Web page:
(by guest blogger Joshua Rust)
It is not uncommon to find philosophers defining otherwise problematic entities in terms of their causes. A plausible reading of Davidson, for example, sees him as defining action as a body movement which is caused by certain beliefs and desires. If the body movement is not caused by these attitudes, it does not count as an action. This is Davidson's answer to Wittgenstein's puzzle—when I raise my arm what is left over when I subtract the fact that my arm has gone up? (Philosophical Investigations, I-621) If the arm-raising is a genuine action, its causes are what remain following the subtraction.
Defining something in terms of its causes is not, of course, limited to philosophical discourse. Motion sickness is, perhaps, a certain queasy feeling that is caused in the right way. If one has the same feeling, but is on otherwise stable ground, that feeling does not count as motion sickness.
Here is my worry: if we define something in terms of its causes, it seems as though we are precluded from then explaining that thing by appeal to those same causes. This is manifestly clear in the case of motion sickness. If explanations are answers to why-questions, I may not cite motion in answer to the question, "Why am I experiencing motion sickness?" Why not? Because a condition of something's being an explanation is that it is genuinely informative. James Woodward, for example, says that a scientific explanation aims to "draw attention to further considerations the relevance of which is not apparent from [the why-question's] original characterisation of the explanandum under investigation" (Woodward 1979, 61; see also Mumford 1998, 139-41, and Braithwaite 1953, 320).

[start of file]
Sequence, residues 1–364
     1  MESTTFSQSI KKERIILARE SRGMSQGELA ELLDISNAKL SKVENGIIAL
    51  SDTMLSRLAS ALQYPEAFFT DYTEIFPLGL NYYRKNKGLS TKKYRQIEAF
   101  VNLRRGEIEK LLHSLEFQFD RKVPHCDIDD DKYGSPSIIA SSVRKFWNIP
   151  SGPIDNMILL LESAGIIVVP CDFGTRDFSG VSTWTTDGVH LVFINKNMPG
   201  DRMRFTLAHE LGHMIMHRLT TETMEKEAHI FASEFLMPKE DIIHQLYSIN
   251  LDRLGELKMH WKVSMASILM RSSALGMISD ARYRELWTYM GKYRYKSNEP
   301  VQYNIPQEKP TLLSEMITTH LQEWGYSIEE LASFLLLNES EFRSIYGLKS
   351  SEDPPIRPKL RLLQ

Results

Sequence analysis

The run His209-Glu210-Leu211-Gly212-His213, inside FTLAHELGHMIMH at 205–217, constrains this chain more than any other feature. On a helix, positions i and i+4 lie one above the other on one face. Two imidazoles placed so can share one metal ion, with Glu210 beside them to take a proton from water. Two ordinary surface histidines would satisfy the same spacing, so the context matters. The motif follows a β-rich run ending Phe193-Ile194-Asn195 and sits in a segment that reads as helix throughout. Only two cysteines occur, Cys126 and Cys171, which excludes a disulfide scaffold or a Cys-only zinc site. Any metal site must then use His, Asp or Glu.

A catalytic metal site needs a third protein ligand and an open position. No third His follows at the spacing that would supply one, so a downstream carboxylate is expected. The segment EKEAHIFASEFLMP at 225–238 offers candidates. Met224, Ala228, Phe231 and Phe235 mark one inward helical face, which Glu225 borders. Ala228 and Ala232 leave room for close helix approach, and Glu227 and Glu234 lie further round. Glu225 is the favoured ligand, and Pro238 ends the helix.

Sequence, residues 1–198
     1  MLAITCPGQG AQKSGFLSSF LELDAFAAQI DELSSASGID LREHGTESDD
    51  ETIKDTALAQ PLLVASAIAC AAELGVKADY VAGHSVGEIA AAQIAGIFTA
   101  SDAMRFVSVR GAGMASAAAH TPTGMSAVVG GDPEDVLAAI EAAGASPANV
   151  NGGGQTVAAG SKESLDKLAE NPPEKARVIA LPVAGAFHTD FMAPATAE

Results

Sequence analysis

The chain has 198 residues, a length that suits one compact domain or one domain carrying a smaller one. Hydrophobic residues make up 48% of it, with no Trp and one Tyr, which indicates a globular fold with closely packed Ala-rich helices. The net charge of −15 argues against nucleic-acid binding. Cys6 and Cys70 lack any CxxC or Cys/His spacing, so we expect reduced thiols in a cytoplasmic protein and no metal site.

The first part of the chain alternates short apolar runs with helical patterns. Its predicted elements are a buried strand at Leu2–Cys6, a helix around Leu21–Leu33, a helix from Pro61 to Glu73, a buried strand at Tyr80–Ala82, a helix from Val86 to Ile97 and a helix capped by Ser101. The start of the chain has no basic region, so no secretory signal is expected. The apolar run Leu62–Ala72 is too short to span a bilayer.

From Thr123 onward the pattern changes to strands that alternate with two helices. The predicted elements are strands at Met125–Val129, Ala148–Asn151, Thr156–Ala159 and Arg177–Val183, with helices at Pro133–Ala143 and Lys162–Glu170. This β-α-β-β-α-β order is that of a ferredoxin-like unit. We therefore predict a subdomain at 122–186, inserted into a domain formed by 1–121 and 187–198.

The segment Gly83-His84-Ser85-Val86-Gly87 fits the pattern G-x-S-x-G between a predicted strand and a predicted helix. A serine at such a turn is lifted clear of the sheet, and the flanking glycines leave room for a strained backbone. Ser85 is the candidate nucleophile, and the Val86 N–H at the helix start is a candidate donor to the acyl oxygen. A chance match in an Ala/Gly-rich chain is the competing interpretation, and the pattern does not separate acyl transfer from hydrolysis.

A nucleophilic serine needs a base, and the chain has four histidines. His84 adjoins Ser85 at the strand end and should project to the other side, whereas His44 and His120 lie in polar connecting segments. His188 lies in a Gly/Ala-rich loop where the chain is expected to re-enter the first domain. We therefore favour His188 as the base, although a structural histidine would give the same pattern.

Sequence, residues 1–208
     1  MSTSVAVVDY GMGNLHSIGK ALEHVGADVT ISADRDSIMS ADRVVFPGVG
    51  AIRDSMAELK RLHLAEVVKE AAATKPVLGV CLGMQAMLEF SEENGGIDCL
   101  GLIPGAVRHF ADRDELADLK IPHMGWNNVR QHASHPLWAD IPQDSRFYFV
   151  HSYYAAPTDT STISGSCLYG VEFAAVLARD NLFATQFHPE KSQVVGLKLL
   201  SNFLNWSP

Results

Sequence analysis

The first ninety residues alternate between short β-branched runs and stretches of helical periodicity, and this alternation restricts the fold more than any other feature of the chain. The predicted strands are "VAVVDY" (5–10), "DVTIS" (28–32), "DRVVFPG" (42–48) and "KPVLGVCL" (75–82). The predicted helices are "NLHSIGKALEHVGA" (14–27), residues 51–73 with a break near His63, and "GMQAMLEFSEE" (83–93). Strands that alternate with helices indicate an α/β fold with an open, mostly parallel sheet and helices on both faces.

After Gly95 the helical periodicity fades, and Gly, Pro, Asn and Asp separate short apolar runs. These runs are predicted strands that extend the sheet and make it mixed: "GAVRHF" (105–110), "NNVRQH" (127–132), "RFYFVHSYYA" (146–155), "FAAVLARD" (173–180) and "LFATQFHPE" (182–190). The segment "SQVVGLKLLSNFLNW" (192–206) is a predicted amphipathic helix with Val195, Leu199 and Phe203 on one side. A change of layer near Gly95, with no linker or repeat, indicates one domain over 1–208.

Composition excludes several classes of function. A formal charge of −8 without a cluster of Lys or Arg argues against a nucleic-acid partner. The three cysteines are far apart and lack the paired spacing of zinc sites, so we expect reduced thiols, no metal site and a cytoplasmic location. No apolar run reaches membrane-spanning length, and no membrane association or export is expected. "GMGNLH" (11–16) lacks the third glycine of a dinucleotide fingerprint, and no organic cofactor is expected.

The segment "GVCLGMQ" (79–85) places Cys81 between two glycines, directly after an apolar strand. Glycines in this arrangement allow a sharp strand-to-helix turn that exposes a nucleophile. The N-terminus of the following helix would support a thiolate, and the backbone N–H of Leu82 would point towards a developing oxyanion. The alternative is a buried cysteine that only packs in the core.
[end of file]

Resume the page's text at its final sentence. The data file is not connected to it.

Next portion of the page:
Davidson opens "Actions, Reasons, and Causes" with the following claim: "What is the relation between a reason and an action when the reason explains the action by giving the agent's reason for doing what he did? We may call such explanations rationalizations, and say that the reason rationalizes the action" (Davidson 1963, 685). But given Woodward's non-triviality requirement placed on a causal explanation, if actions are defined in terms of their causes (primary reasons = beliefs and desires), is Davidson then correct to say that a reason causally explains or rationalizes an action? That is, if (action = body movement caused by reason), we may not answer "Why (body movement caused by reason)?" by citing a reason. Reasons are not causal explanations of actions. This seems like a serious flaw with Davidson's account of action.
One possibility is that I've misconstrued Davidson's account of action; he does not define actions in terms of their causes. What is his solution to Wittgenstein's puzzle? Or what are the grounds by which he rejects this puzzle? Another possibility is that Davidson has something different in mind by explanation than does Woodward. But Davidson goes on to say "that rationalization is a species of ordinary causal explanation" (Davidson 1963, 685). As far as I can tell, actions aren't rationalized or causally explained by primary reasons—if anything, only a body movement is so explained. In the next post I will exploit this flaw to offer a non-standard reading of Davidson's account of action.
While this post is nominally about Davidson's account of action, I'm principally interested in leveraging the issue for metaphilosophical purposes. Any author which defines x in terms of its causes may not, if I am correct, then go on to claim that he or she has causally explained x by appeal to those same causes. Searle, for example, defines an institutional fact as a brute fact which has had some function intentionally imposed on it. He cannot, if I am right here, thereby go on to claim that institutional facts are causally explained by the said intentional imposition of function.
Monday, March 12, 2007
Difficulties with Davidson's account of action (I): On explaining something in terms of the very causes by which it is defined
(by guest blogger Joshua Rust)